Nashville mayor, David Briley, is calling for the ban of public scooters. In May, following the death of Brady Gaulke, a 26 year-old Nashville resident who was killed in a scooter accident, Briley sent a letter to scooter companies. In the letter he informed them that they had 30 days to fix their public safety and sidewalk accessibility problems, or the city will file legislation to ban them. Since then, Briley says that feedback he has received from scooter companies has been insufficient.
“I have asked the Metro Legal Director to draft an amendment to pending Metro Council legislation that would terminate the existing scooter pilot program, immediately remove all electric scooters from Nashville streets, and direct the Transportation Licensing Commission to issue a Request for Proposals (RFP) within 90 days of the Council’s approval of the ordinance,” said Briley in a released statement. “The purpose of the RFP would be to consider adding back one or two operators to provide a limited number of scooters if they are able to meet our requirements for safety and accessibility.
“The safety of all Nashville residents, workers and visitors has always been my primary concern since scooters hit the streets a year ago. I look forward to a resolution that meets that need.”
Ryan McConaghy, executive director of the Micromobility Coalition, issued the following statement after Nashville Mayor David Briley called for an end to the current e-scooter pilot program:
“Mayor Briley’s reactionary decision unnecessarily threatens to take away what has fast become a core part of the city’s transportation network and the economic opportunities it provides. E-scooter operators are actively engaged in providing guidance and education to riders, and have been working with city leaders in a cooperative fashion. Given these commitments to safety, Mayor Briley’s decision is very disappointing. We urge the city council to abandon the mayor’s plan, which would deny thousands of people in Nashville the affordable, convenient, and eco-friendly benefits of micro-mobility.”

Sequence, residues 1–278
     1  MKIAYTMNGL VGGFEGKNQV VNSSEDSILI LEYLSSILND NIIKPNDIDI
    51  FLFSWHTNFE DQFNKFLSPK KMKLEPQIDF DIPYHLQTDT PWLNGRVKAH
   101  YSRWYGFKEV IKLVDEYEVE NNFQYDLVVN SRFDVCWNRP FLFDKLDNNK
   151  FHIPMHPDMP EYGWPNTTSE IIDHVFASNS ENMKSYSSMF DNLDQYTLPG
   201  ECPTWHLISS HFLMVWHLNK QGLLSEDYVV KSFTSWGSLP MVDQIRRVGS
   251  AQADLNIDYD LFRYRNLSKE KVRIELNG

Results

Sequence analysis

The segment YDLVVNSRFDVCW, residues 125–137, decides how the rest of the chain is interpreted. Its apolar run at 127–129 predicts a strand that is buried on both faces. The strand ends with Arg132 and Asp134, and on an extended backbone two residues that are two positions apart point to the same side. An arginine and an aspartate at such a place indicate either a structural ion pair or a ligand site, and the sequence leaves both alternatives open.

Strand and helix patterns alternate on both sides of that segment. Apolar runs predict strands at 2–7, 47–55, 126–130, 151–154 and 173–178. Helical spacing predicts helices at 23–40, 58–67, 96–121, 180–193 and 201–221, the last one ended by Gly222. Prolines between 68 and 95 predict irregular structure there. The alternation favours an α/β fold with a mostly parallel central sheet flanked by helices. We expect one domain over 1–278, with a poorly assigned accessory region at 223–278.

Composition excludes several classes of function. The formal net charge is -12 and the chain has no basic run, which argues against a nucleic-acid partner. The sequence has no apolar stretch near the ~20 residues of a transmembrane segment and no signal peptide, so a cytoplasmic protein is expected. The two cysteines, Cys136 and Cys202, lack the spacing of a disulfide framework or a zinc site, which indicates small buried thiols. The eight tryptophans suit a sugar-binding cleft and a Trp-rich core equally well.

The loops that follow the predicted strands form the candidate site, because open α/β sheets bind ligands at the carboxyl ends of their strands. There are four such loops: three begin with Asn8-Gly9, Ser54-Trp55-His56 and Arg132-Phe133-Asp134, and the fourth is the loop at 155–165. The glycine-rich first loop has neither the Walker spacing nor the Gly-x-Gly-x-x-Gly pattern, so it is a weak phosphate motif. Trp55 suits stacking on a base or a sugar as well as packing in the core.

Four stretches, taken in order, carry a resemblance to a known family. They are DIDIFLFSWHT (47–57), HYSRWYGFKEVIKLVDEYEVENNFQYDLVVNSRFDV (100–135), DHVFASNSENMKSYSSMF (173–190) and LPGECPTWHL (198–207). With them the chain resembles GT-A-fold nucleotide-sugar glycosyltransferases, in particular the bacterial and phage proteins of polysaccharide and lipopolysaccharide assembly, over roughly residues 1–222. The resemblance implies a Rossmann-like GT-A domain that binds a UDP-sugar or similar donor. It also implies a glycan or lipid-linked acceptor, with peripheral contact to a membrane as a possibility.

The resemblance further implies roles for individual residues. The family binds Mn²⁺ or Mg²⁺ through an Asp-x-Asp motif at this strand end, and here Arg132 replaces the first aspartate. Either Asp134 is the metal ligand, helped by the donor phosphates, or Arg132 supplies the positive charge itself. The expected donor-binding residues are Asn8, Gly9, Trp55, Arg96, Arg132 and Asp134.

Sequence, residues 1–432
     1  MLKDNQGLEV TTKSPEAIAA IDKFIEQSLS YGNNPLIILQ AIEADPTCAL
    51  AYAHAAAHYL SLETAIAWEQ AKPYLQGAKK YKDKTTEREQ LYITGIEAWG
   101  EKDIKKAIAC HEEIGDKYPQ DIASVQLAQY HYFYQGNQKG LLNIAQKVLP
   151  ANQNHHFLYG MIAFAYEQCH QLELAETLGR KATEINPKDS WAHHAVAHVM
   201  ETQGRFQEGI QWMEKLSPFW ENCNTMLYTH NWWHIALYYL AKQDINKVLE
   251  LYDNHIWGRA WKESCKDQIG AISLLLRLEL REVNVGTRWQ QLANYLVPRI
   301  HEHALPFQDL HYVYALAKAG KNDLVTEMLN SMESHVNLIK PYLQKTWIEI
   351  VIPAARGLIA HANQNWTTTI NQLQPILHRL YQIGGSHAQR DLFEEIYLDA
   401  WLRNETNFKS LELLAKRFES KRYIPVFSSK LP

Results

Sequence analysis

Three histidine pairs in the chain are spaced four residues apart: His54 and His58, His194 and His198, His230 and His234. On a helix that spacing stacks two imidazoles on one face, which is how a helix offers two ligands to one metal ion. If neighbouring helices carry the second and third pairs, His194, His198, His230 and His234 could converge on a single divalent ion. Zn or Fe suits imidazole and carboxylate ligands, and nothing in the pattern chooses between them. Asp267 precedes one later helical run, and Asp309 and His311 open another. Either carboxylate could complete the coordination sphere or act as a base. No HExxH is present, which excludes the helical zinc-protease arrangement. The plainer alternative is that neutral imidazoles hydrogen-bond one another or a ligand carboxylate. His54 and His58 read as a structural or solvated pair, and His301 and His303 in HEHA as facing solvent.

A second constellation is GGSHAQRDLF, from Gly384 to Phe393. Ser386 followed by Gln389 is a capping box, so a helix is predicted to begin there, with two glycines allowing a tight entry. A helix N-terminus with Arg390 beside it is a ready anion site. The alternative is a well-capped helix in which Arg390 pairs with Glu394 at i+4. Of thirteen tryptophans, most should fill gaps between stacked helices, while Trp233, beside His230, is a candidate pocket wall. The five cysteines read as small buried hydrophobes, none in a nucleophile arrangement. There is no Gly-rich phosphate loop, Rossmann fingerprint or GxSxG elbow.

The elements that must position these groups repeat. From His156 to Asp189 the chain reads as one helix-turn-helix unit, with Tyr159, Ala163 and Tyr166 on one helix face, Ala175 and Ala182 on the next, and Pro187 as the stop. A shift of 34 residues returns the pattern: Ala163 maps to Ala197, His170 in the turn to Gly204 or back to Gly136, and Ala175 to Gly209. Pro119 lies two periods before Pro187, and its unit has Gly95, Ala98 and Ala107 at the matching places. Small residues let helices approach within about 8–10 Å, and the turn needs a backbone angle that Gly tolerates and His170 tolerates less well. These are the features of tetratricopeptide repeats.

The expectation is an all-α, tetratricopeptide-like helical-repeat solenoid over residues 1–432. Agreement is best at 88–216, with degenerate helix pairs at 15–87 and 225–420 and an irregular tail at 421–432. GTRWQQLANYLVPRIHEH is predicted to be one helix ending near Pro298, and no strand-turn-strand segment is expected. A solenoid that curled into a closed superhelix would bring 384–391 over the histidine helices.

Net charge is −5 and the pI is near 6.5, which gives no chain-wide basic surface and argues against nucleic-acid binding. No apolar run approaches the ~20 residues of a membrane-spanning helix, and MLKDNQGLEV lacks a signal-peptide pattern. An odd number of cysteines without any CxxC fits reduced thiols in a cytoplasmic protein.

According to a study by Walk Bike Nashville, since May 2018, more than 1.8 million trips have been taken on e-scooters: approximately 10,000 per day; and over 60,000 users have taken more than five trips on e-scooters over the past year.
Walk Bike Nashville believes that scooters could be a hugely beneficial mode of transportation for Nashville, and that the responsibility for making them safe depends on the actions of the scooter companies and on the actions of Metro Nashville government.
“Over the past year there have 75 people killed in cars, 24 people killed while walking, and one person killed while riding a scooter,” said Nora Kern, executive director of Walk Bike Nashville. “Rather than limiting transportation choices, we urge the mayor and Metro government to take a vision zero approach and use data to improve the safety of our roads by adding infrastructure like bike lanes. Our streets should be designed so that human mistakes don’t have to be fatal.”
According to Kern, “Scooters are clearly providing a popular transportation option. Nashville currently has construction permits out that will add 40,000 workers to downtown. We cannot fit more cars downtown, so scooters could be a critical part of how we move people around our urban areas, tourists and locals alike.”